Wendy Kolmar, Drew University 2016.

Also use chapter 2 of They Say/I Say

See also “Working with First Drafts

  1. Sequence: Points in your summary should be in order of their important than the order in which they appear in the article.  Verbs like “starts,” “concludes,” “continues” are signals that you’re following the order of the article.
  2. Avoid Description. Don’t say what the article is “about,” describing it’s content.  Instead, summarize the article’s argument is.  “In this essay, Judith Lorber argues that . . . .”
  3. Pay attention to paragraph structure.  how are ideas connected? How do we get from one idea to the next?
  4. Author.  Attach ideas to their source and author.  The author’s name and the title of the text should appear in the summary. e sure we can tell throughout the paragraph that you are still talking about the author’s argument.  In your paper, you’ll want to signal when you switch back to your own ideas.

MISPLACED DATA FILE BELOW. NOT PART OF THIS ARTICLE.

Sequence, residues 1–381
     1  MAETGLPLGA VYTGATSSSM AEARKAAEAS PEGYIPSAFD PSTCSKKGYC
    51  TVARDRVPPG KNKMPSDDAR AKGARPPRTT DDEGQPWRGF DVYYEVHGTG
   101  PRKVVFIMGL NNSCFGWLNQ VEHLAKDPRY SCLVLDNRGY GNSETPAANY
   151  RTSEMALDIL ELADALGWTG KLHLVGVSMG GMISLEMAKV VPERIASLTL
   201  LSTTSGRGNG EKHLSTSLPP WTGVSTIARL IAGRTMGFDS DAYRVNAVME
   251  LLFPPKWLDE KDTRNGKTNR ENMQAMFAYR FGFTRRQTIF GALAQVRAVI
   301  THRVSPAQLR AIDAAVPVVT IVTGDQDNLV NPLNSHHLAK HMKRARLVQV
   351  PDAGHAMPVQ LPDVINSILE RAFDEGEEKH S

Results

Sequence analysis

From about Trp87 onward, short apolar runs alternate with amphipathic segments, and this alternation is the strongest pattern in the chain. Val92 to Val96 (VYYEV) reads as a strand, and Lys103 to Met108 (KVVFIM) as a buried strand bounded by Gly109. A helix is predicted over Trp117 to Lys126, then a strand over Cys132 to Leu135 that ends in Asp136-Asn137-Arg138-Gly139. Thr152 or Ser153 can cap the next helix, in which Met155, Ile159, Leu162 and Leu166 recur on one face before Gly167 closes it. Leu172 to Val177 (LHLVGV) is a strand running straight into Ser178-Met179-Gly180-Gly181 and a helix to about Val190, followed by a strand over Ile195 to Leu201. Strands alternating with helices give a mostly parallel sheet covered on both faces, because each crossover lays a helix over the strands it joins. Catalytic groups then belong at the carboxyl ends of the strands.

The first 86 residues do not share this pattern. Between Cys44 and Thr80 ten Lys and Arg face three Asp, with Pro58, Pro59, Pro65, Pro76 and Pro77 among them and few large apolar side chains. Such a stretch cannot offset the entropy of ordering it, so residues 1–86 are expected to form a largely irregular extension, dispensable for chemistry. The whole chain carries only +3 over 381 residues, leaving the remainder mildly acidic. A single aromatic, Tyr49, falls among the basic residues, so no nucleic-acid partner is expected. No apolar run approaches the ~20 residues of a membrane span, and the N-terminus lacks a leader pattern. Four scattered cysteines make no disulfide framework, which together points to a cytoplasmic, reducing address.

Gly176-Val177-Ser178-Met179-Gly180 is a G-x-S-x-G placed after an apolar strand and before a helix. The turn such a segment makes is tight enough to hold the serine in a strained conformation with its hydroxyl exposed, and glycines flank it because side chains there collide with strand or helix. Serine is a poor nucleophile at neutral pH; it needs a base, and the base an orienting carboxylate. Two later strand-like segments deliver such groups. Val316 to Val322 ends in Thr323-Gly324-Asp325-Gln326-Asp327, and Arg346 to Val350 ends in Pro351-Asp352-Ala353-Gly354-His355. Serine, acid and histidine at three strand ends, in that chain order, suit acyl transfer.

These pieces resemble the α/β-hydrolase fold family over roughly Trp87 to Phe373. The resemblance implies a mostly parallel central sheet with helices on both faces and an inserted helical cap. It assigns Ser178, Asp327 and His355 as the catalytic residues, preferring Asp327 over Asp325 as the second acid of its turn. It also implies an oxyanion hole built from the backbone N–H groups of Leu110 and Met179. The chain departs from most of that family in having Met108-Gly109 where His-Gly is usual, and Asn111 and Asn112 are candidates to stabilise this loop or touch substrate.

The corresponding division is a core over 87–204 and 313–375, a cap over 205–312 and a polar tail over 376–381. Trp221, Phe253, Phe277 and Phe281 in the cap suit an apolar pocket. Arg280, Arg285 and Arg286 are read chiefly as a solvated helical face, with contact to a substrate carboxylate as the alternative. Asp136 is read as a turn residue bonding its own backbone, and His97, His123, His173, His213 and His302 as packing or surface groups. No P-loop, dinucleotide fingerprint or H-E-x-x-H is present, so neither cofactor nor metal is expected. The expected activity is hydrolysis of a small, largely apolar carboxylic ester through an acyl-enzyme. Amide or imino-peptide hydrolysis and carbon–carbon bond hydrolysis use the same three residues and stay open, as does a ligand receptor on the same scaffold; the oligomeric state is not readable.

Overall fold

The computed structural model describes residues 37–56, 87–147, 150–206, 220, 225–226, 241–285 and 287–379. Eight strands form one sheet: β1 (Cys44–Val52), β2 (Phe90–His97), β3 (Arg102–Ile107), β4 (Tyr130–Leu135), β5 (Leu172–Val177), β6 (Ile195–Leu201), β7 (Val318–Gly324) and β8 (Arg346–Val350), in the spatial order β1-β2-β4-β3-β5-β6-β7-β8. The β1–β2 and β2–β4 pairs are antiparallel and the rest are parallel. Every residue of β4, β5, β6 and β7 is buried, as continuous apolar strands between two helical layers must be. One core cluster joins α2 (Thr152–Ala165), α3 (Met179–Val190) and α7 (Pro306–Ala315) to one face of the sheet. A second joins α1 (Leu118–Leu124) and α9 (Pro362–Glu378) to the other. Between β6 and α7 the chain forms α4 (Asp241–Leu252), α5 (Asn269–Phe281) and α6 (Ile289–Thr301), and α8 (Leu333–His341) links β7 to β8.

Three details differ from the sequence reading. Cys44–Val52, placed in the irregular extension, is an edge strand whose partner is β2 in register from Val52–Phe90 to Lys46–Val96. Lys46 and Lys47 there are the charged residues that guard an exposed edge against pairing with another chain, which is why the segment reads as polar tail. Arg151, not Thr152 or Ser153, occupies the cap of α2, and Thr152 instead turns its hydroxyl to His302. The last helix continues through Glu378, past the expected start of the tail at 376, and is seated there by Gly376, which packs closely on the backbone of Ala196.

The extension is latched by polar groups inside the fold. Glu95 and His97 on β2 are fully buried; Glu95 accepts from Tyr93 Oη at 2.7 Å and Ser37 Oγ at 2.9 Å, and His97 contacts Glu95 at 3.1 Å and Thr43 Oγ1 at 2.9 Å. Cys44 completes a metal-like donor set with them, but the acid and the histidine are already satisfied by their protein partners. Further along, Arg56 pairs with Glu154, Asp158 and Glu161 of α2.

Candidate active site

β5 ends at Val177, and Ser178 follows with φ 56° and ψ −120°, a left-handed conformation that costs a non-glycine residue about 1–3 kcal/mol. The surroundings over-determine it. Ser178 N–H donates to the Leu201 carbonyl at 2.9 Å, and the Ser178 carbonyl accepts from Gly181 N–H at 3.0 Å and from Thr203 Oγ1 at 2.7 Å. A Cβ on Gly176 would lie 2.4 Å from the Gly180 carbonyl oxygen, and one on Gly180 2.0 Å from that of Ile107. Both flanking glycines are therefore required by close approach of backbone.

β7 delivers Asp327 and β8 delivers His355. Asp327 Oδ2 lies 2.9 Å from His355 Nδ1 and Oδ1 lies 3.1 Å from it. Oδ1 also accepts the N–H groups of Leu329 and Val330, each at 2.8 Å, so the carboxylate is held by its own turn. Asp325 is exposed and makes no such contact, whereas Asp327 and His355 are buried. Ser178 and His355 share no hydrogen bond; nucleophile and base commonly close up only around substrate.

5. Word Choice.  Use the language of the article or essay, especially for key words and terms.  “claiming an education” “social construction” “oppression.”  Be careful that in substituting a word of your own, you aren’t distorting the meaning of a term.
  6.  Specificity.  Give enough detail about the argument that we can tell them apart and can tell what are the salient components of each argument?
  7.  Your Opinion.  Your opinion should not be in the summary but it absolutely belongs in this paper. It may begin or end the paragraph which has your summary in it, because you will tell your reader how the text your summarizing contributed to your overall thinking about gender.


Title of article or any short work is in quotation marks: “There is no Hierarchy of Oppression”

Title of Full Length Work is italicized or underlined; e.g: The Color Purple

In general, we write about what’s happening in any text in the present tense (e.g: “argues”) except perhaps when something is in the past in a novel.